Whether the recent innovations of internet-marketed independent labels and small-scale recordings can slay the corporate giants of drum machines and media saturation remains to be seen. But judging by the strong response to guitarist Steve Howe’s latest acoustic album, Natural Timbre, there is room in the world of music for more than Britney Spears.
Howe, long known as a guitarist’s guitarist, has sold millions of albums as a member of the sophisticated rock band Yes. Over the years, Howe, a workaholic Englishman, has also made a string of stellar independent acoustic recordings covering many styles of music.
As the title suggests, this is an acoustic album and has Howe playing overdubbed duets on mandolins, mandocellos, classical guitar, steel string guitar, a Japanese Koto and a dobro. His son, Dylan, helps on drums and a violinist adds some finishing touches.
“Intersection Blues” is just one example of the unexpected twists Howe’s songs can take. Starting off as a bittersweet jazz tune, the chords become contrapuntal and soon take off into a sharp, upbeat Appalachian rag that is reminiscent of the late Chet Atkins. This song is typical of how Howe takes a traditional melody and gives it startling but logical twists of dissonance and dynamics.
While the album consists mostly of classical, folk, country and jazz pieces, Howe’s ongoing association with Yes receives some nods in the music. The album is capped off with instrumental versions of three Yes hits, using a mandolin trio in place of the familiar vocal harmonies. Even the rock songs maintain the acoustic feel.
With this independent label release, we see the truth of the saying that acoustic music is more earthy and rewarding than Hollywood glitz.
Remember Shakti reminisces of world music fusion
English jazz guitarist John McLaughlin’s Remember Shakti is perhaps the most enjoyable fusion group since McLaughlin teamed with Miles Davis over three decades ago.
Much of the music created by the fusion of world genres faces a simple dilemma: How can musicians express themselves with integrity while respecting foreign music traditions? The pan-cultural career of McLaughlin maintains respect for the Indian music he performs while blending in jazz idioms. Since McLaughlin left trumpeter Miles Davis’ jazz-rock band in the early 1970s, he has created a huge output of original and stylistically-varied albums with numerous bands. Among these bands was the influential 1970s acoustic band Shakti.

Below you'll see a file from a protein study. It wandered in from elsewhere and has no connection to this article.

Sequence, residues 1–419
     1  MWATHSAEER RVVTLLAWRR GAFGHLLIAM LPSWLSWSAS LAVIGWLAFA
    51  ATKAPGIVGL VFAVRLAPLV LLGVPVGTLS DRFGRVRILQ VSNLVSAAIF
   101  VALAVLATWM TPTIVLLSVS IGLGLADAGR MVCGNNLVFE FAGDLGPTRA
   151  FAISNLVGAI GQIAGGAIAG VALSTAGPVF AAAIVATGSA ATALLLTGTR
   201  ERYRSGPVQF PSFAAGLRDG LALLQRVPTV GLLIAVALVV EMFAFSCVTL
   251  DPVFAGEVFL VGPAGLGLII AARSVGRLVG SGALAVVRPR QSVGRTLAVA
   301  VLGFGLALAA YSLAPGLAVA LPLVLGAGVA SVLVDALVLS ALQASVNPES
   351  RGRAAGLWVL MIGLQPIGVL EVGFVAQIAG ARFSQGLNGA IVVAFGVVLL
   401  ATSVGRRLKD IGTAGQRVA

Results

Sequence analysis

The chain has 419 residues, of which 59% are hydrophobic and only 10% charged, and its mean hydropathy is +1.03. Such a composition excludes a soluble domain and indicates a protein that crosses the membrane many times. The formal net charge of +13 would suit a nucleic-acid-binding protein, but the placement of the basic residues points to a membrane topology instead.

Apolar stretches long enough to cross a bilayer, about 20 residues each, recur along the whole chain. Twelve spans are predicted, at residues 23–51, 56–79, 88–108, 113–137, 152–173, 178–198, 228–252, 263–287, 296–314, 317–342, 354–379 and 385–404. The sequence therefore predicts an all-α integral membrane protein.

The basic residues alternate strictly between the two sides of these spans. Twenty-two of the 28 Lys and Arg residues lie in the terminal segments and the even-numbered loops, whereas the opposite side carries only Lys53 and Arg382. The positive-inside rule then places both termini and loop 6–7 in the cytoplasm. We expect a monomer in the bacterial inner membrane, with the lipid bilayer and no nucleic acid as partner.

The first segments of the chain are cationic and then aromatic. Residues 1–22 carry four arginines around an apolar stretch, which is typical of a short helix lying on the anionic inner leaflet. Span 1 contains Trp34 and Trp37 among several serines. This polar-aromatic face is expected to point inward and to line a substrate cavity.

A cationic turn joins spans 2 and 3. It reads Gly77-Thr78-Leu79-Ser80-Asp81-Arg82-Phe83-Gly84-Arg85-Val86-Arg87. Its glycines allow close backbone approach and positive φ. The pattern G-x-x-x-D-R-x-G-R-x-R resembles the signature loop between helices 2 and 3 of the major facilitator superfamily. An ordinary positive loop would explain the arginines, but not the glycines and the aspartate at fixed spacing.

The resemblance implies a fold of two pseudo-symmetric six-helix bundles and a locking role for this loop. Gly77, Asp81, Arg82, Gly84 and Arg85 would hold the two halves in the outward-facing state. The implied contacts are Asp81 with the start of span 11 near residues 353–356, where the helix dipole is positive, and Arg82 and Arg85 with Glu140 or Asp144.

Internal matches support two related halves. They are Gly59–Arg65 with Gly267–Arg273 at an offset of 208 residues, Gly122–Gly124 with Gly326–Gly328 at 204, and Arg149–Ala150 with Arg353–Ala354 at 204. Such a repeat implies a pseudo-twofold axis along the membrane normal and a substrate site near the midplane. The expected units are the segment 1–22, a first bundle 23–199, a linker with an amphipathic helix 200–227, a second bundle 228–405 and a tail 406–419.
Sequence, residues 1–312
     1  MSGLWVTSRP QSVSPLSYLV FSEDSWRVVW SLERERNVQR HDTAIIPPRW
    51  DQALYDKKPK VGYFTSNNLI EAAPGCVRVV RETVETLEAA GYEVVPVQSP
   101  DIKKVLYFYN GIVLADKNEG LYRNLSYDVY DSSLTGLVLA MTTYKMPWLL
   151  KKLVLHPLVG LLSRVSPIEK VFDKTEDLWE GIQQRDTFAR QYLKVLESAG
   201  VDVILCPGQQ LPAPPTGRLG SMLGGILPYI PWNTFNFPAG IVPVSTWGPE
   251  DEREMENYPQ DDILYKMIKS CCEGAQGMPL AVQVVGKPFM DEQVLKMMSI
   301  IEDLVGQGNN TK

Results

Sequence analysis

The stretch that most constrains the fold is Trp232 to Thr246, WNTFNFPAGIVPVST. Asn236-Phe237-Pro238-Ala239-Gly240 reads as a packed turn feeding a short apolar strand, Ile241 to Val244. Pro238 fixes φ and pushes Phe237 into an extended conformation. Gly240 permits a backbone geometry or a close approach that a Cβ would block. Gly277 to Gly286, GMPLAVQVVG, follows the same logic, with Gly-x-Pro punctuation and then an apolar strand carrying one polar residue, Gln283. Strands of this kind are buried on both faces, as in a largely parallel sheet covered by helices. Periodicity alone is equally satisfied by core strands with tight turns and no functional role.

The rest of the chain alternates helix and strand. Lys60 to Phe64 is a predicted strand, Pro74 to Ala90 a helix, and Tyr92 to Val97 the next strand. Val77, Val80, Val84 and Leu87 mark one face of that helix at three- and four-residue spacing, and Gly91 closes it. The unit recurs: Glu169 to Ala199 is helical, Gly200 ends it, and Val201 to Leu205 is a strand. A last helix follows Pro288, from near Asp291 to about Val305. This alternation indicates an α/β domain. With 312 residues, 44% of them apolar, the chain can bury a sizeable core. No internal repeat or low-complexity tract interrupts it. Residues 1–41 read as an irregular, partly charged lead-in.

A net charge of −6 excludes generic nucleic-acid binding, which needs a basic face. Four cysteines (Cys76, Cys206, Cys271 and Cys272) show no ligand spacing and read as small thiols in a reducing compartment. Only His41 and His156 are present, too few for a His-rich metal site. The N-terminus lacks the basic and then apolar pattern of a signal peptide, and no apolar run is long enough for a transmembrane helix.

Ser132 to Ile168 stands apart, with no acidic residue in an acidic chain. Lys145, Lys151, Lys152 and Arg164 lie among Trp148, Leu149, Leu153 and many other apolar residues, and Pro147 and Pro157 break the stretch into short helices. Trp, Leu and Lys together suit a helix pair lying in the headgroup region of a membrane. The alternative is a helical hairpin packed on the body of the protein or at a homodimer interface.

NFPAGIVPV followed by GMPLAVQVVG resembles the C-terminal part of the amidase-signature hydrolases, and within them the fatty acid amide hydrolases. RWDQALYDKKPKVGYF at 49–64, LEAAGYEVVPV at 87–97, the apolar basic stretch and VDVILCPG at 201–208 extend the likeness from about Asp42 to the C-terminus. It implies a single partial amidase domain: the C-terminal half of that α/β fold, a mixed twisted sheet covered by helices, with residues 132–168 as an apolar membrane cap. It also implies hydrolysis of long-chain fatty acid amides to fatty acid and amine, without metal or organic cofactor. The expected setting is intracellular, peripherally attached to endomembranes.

Shakti created more than an East-meets-West sound, but an aggressive mixof previously-separate Indian traditions as well. The original Shakti had McLaughlin’s vigorous jazz improvisation and thoughtful melodies, but worked within authentic Hindustani (Northern Indian) rhythmic structures and Karnatic (Southern Indian) harmonies. Although the band lasted only three years (1975-1978), it was so respected and memorable that in 1998 the Indian government invited McLaughlin and the reorganized band to perform in honor of India’s 50th anniversary of independence.
This incarnation of Shakti has McLaughlin and master tabla drummer, Zakir Hussain, from the original group as well as new personnel. The new Shakti is far from a nostalgia ride, but rather an ongoing celebration of Indian musical cultures and improvisation.
To those new to Eastern music, this album has strange-sounding singing and an almost ESP-sounding interplay between the musicians. The essential element is the complex rhythmic cycles that not only prescribe beats, but also inflections on the beats. The call-and-response portions where McLaughlin’s percussive guitar echoes Hussain’s melodic tabla drum brings to mind the notion that “In order to master a rhythmic cycle, you have to be able to sing it before you can play it.” Once the listener gets the hang of the cycles and inflections, the songs become singable and the improvisations fun to hear.
McLaughlin learned from Miles Davis how to pick creative sidemen. On thepop-sounding “Luki” and the subtle “Giriraj Sudha,” vocalist Shankar Mahadeven entertains as does U. Shrinivas’ speedy electric mandolin and Debsshish Bhattacharya’s memorable slide guitar. Their improvisations create a spectacular blend of Indian music and jazz.